Really though, this isn’t anything new.
I’d tell myself whatever I needed to hear if it meant being able to sit here and write without dreading the end result, confusing worry for some sort of despair that almost always culminates with: “I’m a bad writer” and/or “I’m all out of ideas.”
But isn’t that always the way?
One new idea a month. That’s twelve new ideas that could really become thick concepts, ones that might hold my ever-fading interests.
Then I wonder if the concept at the core of this book qualifies as a thick concept.
Or is it what I’ve been dreading since the second paragraph of this chapter, a thin concept? How long does it take before understanding that you are, deep down, certifiable?
Inspiration’s the most difficult part of the creative process. One cannot begin without first finding reason and motivation for the intended work. This is before the part about maintaining it; you know, actually having it and keeping it. You never know when something will distract, suck out the energy.
It’s a miracle anyone is able to finish writing a book, much less inspire others.
But hey, let’s turn that frown upside down: The fact that it does, and happens often, is testament to the creative spirit. Truly inspiring.
Maybe all the inspiration I need.
Often times, managing certainty in a work-in-progress is like carrying a secret. You hold onto it so dearly that it’s easier, more difficult, some days than others. Really, you just want to let the world know.
You want to confess everything if only to get a true measurement of your madness.
Is this idea any good? Is the concept actually completely insane and impossible, beyond accessibility? Someone’s got to satiate the author’s concern. No one wants to be alone with something so precarious as a novel project for too long or else they might give into the doubt.
Do you start a book with the hope of eventually selling it? Do you write knowing that it’ll be a book, image of what that book should be, or do you just write, hunting the line?
As writers, and more so as artists, we set ourselves up for failure. We must if we’re going to dare to achieve anything.
Not going to fail. Not going to fail. Sadness on the installment plan.
Get used to a lot of despair when the words just won’t come, time ticking away, and you realize that you’ve spent an hour or more looking online for ways to not procrastinate. It’s such a vicious cycle. There’s a way to procrastinate about procrastination.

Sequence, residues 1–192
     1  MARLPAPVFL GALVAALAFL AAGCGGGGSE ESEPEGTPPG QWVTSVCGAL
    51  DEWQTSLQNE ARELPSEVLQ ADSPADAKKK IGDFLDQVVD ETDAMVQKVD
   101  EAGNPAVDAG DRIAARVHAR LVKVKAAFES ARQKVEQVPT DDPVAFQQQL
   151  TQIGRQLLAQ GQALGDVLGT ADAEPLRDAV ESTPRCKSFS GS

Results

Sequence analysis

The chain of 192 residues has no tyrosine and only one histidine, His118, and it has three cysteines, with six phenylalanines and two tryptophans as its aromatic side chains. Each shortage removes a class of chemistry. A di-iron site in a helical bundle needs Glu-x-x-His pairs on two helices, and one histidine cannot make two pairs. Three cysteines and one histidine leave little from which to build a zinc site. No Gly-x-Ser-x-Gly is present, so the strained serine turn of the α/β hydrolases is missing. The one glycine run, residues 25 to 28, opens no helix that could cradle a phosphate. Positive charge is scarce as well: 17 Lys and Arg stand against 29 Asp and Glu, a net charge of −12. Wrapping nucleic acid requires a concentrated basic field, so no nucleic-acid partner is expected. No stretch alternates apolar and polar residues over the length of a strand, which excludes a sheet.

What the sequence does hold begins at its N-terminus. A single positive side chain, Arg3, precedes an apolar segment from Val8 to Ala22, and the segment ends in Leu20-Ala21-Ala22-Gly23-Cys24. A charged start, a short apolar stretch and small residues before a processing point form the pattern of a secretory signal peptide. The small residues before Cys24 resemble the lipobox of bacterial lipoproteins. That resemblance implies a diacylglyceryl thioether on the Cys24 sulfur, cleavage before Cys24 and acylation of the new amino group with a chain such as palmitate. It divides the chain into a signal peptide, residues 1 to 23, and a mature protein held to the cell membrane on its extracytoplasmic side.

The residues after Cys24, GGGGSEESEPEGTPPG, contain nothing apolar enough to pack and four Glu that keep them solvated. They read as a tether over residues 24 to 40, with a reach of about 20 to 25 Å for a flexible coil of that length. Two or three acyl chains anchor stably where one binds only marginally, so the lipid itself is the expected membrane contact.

You’re going to write if you really have it in you. I write because I do. I intend on continuing, even though things might not be going so well right about now.
For every novel I finish, I end up with upwards of four, maybe five, false starts.
The next book. Yeah, there’s always the thought about “what do I work on next?”
Which one calls to me, and more so, why bother to write it at all—is it worth being a potential book? I write because it has become life. I write because many of my relationships have become intertwined in the act of publishing. To write is to continue living.
Every new project is panic attack and pleasure.
You look outside. It’s a beautiful, sunny day. Perfect for a mind-expanding walk. But you have a thousand words to write. You have a deadline. You need to write. You can’t look away from the screen. There are a million things you’ve got to do, and they all seem more daunting than “finish your novel.” You feel exhausted, lost just thinking about it. Maybe you feel a little foolish about being serious about your fact. And then you start to feel the stress clouds coming in, the pressure on forehead, the dimmed vision, the thoughts raging, running a mile a minute.
Do you go for a walk or do you stick around, sitting at your seat?
Maybe you’re like me. You keep sitting there. You drink more coffee. You waste time on social media. You fixate on where you want to be years from now. You dream about the good, followed by the bad. You perhaps even contemplate suicide but the sheer intensity of having to prepare for it—to get it right—turns you off. That’s too much work. And really, it’s just a nice thing to think about. Having that escape. If need be. Nothing is ever final. Not even student loan debt. You can always flee. You can always flee.